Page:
David Gonzalez reports from corners of the city in words and pictures.
On a leafy Brooklyn block, past a plain red door and down a narrow staircase, Andrea Brachfeld is curled up in a chair, head bobbing to a funky bass solo being played in a nearby room. Here in this cramped basement recording studio off the Prospect Park Parade Grounds, she is content. She is grooving. She is fulfilled.
Maybe you can have it all — if you know what you want.
In 2005, she awoke one morning to discover she could no longer play the flute — the instrument that first helped her make her name as one of the only women playing charanga, an elegant Latin music with Cuban roots. Suddenly, something that had come naturally — and through incessant study and practice — became puzzlingly hard.
She saw doctors. She worried. And then, in 2009, she had her epiphany.
“The energy I had put out was ‘Why, why, why?’ But when I changed it to ‘cure’ instead of ‘why,’ a cure came to me. And when I was finally able to play — not 100 percent, but enough — I asked, ‘What do I love to play?’ There was only one answer. Jazz.”
Not that she had ever totally stopped. As a teenager, she was taught by the legendary Jimmy Heath during Jazzmobile workshops in Manhattan. And she continued her study in college, where she fell into the orbit of the Latin music scene, eventually joining Charanga 76. Later, she got a call from a Venezuelan promoter who wanted her to do her thing in Caracas.
“He said, ‘I’ll give you anything you want,’ ” she recalled. “I had just read if you don’t want a gig, ask for everything you can possibly think of. So I did. And he said yes. I went for a month and stayed for two and a half years.”
She played Latin jazz and jingles. She had a daughter, then returned home to raised her child, making the wise move to also become certified as a teacher (which gives her the pension many working musicians have sacrificed in the pursuit of their art).
Jazz was never far from her heart, and after her epiphany it has come front and center again. She knows some people say there’s no future in it, a thought she dismisses with a wave of her hand, as if she were giving direction to a young musician.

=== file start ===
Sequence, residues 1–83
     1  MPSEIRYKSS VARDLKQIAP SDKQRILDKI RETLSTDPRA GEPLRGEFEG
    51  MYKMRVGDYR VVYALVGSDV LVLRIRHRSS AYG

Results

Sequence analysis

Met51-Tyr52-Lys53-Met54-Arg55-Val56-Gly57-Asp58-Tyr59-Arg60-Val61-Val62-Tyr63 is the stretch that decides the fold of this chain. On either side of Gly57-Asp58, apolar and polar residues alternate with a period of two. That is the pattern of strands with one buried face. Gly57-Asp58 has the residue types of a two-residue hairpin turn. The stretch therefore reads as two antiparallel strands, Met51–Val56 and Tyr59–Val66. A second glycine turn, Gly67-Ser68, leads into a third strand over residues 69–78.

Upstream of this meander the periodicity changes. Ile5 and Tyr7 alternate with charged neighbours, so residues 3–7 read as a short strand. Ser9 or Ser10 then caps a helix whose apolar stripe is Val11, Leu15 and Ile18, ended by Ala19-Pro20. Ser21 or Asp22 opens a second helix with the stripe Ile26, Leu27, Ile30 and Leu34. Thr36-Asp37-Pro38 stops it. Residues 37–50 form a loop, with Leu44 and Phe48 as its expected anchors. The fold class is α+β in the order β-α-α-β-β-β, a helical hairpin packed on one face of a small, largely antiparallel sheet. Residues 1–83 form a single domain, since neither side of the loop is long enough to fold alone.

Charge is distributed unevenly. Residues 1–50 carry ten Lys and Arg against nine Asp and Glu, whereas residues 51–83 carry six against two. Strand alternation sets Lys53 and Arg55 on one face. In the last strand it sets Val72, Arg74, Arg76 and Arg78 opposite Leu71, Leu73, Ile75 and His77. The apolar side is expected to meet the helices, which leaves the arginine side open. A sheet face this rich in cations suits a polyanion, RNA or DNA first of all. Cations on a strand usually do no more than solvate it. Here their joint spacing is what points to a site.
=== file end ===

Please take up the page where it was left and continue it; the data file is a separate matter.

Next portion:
“It’s too bad people put out that kind of negative energy,” she said. “If you say it is such, that I don’t have a chance, the universe will respond by making it such. But it’s about visualizing. I just did a record this summer, a straight-ahead jazz record. I said, ‘OK, I’m going to study be-bop like a crazy lady. I’m going to practice and rehearse and record for 10 hours a day.’ And everything started coming to me.”
On a recent Saturday, several musicians joined her in the basement at Park West Studios, were she was overdubbing their parts for an upcoming Latin fusion album she is producing (her first apart from her own recordings). Carlos Mena went over his bass parts, plucking out a solo, relaxing after Ms. Brachfeld whispered suggestively into his ear. He laughed, relaxed and dove back into the music.
She returned to the control room and curled up on the chair. The bass playing filled the room. Eyes closed, she tapped in rhythm on her knee and tilted her head back.
“There you go, baby,” she said, swinging her head from side to side. “O.K. Go for it, baby! Hit it and roll!”
Here eyes were still closed. But whatever she saw, it made her smile.
Every other week in Side Street, David Gonzalez seeks the city’s out-of-the way places and people, capturing moments and moods in words and pictures.